The General Atomics MQ-9 Reaper, previously known as the Predator B, is an unmanned aerial vehicle (UAV) capable of remote controlled or autonomous flight operations for long-endurance, high-altitude surveillance. It’s basically the larger, heavier, and more capable version of the earlier MQ-1 Predator, powered by a 950hp turboprop engine. The extra power allows the Reaper to carry 15 times more ordnance payload and cruise at almost three times the speed of the MQ-1. Continue reading for more cool facts you may not have known.
5. Can Fly Pre-Programmed Routes Autonomously
While the MQ-9 can fly pre-programmed routes autonomously, it’s always monitored or controlled by aircrew in the Ground Control Station, and weapons deployment is always commanded by the pilot. Operators can hunt for targets and observe terrain using a specialized sensors, including a thermal camera. The on-board camera is capable of reading a license plate from two miles (3.2km) away.
4. Commands Take 1.2-Seconds to Reach the Drone
A pilot’s command takes approximately 1.2-seconds to reach the drone through a satellite link. An MQ-9 with two 1,000 pound external fuel tanks, and a 1,000-pounds of munitions can be continuously flown for 42-hours. When fully loaded to maximum capacity with munitions, the Reaper has an endurance of 14 hours.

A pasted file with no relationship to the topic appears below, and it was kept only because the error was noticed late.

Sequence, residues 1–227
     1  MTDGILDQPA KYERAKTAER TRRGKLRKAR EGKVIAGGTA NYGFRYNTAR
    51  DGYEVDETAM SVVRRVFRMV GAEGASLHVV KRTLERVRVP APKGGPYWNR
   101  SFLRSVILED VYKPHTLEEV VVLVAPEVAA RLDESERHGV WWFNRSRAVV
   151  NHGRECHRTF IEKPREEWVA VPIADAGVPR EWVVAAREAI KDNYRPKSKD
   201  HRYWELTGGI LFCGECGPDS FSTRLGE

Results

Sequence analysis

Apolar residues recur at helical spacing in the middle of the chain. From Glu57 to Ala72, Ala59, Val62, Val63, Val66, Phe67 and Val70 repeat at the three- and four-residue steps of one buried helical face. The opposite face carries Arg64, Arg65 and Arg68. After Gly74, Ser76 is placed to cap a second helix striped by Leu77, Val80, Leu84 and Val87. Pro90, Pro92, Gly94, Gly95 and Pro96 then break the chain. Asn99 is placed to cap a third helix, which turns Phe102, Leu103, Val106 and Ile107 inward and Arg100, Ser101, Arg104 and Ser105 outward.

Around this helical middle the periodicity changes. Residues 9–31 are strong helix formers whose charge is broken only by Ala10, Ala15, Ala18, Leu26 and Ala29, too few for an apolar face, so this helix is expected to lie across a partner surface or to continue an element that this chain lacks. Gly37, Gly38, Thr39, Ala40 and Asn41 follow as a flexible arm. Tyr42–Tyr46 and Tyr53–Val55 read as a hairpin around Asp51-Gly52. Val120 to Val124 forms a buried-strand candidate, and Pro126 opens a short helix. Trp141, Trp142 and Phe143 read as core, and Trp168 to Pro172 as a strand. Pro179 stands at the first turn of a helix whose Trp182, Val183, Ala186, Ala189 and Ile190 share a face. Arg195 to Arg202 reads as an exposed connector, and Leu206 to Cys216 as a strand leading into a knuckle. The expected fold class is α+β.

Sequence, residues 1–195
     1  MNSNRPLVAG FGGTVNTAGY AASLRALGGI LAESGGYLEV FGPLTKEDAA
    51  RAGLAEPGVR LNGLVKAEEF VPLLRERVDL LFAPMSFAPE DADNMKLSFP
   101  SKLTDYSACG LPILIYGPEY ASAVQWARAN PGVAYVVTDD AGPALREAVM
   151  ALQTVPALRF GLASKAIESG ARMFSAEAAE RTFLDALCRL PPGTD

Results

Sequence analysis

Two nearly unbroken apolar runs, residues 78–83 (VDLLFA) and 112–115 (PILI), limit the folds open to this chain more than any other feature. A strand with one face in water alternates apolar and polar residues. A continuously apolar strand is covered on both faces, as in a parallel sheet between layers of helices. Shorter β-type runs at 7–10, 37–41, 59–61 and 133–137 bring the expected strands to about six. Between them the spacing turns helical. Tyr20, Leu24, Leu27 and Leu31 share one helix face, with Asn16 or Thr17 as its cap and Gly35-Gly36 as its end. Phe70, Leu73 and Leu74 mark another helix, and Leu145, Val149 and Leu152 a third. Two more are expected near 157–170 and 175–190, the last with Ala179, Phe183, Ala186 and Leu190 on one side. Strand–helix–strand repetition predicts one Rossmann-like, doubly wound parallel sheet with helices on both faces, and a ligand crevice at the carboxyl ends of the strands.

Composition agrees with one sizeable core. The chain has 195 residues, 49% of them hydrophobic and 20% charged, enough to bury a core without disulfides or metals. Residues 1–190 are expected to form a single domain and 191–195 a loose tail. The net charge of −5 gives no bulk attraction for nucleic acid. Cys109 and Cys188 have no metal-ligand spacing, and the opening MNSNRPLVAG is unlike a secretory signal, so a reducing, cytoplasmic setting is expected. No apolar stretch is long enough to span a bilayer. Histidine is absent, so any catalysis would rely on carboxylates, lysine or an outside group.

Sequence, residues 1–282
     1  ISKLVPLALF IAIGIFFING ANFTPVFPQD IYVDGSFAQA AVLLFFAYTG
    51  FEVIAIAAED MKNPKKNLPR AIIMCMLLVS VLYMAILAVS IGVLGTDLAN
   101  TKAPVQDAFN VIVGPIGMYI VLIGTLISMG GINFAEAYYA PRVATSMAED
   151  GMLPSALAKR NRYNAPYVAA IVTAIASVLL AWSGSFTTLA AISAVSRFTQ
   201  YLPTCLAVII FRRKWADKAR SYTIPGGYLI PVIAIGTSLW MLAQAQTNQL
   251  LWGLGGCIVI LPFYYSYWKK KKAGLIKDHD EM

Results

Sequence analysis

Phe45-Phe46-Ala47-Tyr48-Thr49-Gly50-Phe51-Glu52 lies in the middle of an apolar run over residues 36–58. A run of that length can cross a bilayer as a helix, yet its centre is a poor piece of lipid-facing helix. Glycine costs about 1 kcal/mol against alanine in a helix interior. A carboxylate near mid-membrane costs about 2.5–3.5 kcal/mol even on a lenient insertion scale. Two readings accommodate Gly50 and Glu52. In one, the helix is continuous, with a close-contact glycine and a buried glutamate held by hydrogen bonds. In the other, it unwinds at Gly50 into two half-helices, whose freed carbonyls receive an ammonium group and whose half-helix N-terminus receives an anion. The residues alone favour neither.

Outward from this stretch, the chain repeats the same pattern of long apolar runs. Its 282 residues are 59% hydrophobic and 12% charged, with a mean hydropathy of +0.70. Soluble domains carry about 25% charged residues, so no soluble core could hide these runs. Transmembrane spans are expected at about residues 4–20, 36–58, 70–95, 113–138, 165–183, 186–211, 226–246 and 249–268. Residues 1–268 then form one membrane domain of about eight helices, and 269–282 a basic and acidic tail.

3. Can Adopt Various Mission Kits
An MQ-9 can adopt various mission kits and combinations of weapons and sensors payloads to meet combat requirements. The Raytheon AN/AAS-52 multi-spectral targeting sensor suite includes a color/monochrome daylight TV, infrared, and image-intensified TV with laser rangefinder/laser designator to designate targets for laser guided munitions. The synthetic aperture radar enables GBU-38 JDAM targeting, is capable of fine resolution in both spotlight and strip modes, and has ground moving target indication capability.
2. Carries a Variety of Weapons
The MQ-9 carries a variety of weapons including the GBU-12 Paveway II laser-guided bomb, the AGM-114 Hellfire II air-to-ground missiles, the AIM-9 Sidewinder, and the GBU-38 JDAM (Joint Direct Attack Munition). Tests are underway to allow for the addition of the AIM-92 Stinger air-to-air missile.
1. Upgrades are Planned
In June 2015, a study by the USAF’s Scientific Advisory Board identified several improvements for operating the Reaper in contested airspace; adding readily available sensors, weapons, and threat detection and countermeasures could increase situational awareness and enable riskier deployments. Suggestions included a radar warning receiver to know when it’s being targeted, air-to-air and miniature air-to-ground weapons, manned-unmanned teaming, multi-UAV control, automatic take-offs and landings, and precision navigation and timing systems to fly in GPS-denied areas. Another idea was redesigned ground control stations with user-friendly video game-like controllers and touchscreen maps to access data without overwhelming operators.